Fourth post in a series on designing and delivering my intro-Shakespeare course for 160 undergraduates, starting this month.
Does Shakespeare studies have a few cardinal ideas that everyone should know? Let’s see: there are his three main genres (comedy, tragedy, history); and his reputation as a natural, unschooled genius. There’s the tension between his plays and his non-dramatic poetry, and the historical temptation to read them for biographical details.
You get the idea. The point is, it’s hard to imagine teaching Shakespeare without touching on a set of common ideas. Ask a hundred scholars to free-associate and we’ll come up with a pretty comprehensive list of knowledge we want our students to possess by the end of a course – at least, an introductory course.
Set aside your objection that teaching in the humanities is more about teaching skills than knowledge. Sure, but there’s knowledge to impart, too.
Probably for that reason, lists like these are less common in the humanities than in the sciences. Earth sciences’ professional associations develop lists for their members (like “Earth is a complex system of interacting rock, water, air, and life”), but I don’t think you’ll see the Shakespeare Association of America do that anytime soon.
In the past, I would have taught a Shakespeare course that touched on these ideas in passing, but was structured more like a greatest-hits tour: some Hamlet here, a smattering of sonnets there, a condensed history of the Elizabethan theatre illustrated by some footage of Laurence Olivier’s “Henry V.” Along the way, students will learn about his genres and his verse and his material history.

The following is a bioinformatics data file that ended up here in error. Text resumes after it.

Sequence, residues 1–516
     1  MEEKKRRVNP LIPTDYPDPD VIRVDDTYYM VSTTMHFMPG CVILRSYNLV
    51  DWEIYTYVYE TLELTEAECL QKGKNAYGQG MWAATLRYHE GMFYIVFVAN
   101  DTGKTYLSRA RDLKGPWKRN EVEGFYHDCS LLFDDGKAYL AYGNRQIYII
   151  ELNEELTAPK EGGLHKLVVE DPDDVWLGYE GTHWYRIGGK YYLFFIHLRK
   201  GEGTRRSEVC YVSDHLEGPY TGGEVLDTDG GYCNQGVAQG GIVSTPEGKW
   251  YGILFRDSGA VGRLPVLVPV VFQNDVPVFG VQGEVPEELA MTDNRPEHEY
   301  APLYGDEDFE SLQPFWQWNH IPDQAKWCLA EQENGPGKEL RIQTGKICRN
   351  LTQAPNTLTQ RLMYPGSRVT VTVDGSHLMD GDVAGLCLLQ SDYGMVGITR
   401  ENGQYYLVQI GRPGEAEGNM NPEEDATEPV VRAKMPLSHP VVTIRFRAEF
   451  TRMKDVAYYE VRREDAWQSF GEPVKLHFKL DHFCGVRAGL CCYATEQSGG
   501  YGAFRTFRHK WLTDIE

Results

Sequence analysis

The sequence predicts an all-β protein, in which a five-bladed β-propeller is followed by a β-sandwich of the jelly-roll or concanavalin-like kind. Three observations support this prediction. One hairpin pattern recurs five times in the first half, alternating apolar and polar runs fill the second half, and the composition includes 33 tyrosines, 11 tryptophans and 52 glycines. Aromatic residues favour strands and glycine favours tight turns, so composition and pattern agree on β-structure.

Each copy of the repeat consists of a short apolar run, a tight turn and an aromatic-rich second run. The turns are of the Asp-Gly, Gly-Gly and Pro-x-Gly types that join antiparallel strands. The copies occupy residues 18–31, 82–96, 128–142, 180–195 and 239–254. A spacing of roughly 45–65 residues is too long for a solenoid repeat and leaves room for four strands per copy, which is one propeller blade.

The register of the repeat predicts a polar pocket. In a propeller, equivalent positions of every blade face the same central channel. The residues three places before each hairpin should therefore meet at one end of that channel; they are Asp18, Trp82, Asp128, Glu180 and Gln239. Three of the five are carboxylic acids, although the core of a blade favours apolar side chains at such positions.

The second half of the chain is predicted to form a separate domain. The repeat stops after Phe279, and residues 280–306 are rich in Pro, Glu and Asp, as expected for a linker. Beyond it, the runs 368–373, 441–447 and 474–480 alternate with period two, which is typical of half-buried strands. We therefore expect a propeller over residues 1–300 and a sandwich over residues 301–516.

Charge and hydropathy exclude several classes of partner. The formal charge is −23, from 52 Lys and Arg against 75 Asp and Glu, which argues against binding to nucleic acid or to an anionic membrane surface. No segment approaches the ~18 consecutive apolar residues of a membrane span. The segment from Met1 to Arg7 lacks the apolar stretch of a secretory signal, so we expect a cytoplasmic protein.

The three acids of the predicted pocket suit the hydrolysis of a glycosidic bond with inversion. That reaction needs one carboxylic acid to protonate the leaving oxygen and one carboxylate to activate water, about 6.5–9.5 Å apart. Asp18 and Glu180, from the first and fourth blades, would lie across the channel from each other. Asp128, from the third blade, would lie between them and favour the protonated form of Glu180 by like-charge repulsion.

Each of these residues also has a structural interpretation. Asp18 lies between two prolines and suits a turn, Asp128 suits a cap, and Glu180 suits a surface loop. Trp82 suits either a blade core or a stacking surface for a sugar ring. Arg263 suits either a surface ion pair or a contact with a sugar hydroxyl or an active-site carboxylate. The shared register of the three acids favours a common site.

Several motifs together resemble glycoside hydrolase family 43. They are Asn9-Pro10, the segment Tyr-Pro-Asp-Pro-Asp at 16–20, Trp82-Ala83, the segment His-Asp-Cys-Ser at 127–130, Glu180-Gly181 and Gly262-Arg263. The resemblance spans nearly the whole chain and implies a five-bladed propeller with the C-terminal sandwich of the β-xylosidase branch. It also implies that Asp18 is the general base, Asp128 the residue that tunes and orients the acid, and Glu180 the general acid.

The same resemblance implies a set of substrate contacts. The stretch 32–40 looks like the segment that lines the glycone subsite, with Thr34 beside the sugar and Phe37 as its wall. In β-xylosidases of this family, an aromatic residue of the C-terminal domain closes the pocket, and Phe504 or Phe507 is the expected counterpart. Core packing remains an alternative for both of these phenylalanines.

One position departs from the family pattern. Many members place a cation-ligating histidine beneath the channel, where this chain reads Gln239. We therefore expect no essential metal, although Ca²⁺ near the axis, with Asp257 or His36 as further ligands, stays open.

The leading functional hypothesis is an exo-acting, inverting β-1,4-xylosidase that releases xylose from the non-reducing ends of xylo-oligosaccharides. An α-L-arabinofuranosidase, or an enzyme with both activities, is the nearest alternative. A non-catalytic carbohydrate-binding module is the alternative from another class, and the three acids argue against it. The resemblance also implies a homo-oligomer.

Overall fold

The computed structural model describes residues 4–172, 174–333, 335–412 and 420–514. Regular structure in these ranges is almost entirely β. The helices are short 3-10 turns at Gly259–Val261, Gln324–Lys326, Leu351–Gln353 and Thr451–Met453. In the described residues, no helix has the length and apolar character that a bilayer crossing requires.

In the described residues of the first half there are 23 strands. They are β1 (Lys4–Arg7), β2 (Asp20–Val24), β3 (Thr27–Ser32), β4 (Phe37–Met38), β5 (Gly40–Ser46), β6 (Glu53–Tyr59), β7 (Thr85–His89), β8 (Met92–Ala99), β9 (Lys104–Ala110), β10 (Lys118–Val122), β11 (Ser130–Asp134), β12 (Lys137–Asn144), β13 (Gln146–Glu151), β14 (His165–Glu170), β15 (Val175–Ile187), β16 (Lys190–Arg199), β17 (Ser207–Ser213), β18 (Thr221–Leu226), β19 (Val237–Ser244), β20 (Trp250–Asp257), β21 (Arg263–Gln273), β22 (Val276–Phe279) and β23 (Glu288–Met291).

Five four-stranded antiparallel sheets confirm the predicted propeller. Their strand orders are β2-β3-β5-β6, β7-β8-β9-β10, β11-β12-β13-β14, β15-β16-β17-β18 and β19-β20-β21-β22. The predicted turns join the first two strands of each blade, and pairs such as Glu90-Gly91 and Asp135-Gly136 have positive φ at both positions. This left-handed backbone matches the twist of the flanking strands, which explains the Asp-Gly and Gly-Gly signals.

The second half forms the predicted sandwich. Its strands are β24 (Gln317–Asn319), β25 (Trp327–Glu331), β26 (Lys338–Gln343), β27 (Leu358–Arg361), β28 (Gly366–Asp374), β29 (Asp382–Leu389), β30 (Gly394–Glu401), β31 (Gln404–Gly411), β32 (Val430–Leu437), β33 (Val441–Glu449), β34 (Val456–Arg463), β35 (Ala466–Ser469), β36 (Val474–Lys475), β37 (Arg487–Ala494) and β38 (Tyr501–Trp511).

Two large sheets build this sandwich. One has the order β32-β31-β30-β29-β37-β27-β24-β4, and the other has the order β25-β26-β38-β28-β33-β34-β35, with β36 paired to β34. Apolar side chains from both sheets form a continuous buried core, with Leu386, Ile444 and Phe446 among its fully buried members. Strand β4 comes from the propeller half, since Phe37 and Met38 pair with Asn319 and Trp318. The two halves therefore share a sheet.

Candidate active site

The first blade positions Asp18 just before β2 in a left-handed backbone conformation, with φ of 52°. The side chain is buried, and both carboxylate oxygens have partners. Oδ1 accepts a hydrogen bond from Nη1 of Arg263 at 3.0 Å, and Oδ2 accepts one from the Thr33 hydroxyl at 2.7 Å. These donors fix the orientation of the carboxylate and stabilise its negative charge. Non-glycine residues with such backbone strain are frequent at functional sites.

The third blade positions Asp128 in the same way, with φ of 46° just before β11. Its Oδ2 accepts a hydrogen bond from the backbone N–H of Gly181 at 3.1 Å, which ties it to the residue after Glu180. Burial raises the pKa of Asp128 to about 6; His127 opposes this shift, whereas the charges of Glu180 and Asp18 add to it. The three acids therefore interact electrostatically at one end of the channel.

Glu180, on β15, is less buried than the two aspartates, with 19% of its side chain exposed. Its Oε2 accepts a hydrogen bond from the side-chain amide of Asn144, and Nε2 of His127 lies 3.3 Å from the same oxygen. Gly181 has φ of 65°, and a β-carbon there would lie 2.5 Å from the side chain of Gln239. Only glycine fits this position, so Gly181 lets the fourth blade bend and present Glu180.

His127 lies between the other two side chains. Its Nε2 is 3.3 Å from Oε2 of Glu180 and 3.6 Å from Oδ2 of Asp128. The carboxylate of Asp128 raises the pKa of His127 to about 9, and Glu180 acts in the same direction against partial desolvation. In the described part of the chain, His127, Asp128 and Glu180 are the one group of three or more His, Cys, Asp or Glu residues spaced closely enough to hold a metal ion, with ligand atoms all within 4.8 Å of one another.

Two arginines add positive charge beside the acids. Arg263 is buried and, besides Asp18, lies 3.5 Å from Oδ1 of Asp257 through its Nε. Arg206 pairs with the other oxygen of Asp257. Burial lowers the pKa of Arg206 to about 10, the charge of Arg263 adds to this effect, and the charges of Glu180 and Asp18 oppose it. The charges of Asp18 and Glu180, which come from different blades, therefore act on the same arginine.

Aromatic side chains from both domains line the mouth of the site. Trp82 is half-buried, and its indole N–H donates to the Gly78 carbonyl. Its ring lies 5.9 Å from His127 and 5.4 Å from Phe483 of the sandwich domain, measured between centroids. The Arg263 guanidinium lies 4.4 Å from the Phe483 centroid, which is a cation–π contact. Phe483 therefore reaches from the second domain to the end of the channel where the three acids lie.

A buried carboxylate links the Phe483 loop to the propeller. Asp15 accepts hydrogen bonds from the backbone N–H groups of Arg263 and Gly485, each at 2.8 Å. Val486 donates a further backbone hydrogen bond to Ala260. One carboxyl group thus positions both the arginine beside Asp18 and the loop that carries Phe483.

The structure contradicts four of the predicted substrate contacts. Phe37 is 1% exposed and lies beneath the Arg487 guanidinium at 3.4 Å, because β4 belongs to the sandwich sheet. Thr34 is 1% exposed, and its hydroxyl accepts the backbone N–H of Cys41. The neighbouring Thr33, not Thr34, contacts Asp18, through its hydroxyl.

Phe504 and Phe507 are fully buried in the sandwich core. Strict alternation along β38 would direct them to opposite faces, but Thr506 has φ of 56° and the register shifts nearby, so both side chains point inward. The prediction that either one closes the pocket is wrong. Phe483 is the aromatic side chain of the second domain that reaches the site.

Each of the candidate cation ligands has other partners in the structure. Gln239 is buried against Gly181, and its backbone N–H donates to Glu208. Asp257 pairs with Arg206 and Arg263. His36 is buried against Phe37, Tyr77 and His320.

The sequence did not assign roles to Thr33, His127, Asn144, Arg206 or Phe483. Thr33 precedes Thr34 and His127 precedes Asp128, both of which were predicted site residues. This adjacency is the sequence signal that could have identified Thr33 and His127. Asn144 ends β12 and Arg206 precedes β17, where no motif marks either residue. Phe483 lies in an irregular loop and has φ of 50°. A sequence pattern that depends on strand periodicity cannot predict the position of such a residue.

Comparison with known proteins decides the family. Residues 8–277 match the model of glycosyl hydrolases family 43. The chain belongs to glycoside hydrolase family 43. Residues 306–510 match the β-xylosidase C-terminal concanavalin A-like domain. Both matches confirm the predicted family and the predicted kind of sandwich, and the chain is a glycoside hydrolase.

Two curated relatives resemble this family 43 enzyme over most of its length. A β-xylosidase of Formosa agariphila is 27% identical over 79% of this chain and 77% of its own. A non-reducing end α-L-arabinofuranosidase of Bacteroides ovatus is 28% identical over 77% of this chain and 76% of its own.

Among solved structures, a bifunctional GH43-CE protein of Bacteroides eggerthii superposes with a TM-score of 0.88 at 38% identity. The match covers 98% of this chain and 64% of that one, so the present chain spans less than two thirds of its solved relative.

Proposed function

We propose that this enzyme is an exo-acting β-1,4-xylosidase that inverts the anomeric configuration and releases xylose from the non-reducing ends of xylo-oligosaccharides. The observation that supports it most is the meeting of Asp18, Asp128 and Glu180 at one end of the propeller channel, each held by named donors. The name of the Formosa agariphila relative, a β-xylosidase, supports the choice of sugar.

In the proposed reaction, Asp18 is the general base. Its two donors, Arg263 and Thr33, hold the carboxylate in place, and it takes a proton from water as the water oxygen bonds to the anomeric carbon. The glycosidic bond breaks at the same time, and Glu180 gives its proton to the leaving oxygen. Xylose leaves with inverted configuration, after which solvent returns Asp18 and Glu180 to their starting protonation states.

This year I’ll still cover some of those subjects, but I’ll start with the big ideas first. I’ve already written about how they informed my choice of texts, but that’s just the beginning. They’re how I designed the exercises, the assignments, and the final exam – because it’s pointless to teach ideas if you don’t assess whether students grasp them.
And if you look at my list, you’ll see that I go beyond knowledge-transferring to skills-fostering. The first one, deliberately, is about how we read and critique Shakespeare – which looks very different in 2015 than in 1995, when I was an undergraduate.
I’m happy with my list, but I’m not pretending it’s comprehensive. Shakespeare studies is so productive as a field of study precisely because we’re always contesting things, problematizing and contextualizing and questioning.
An ideas-first approach doesn’t come naturally to advanced scholars in the humanities. I only hope my students will outgrow this scaffolding on the way to gaining expertise of their own. But we have to start somewhere.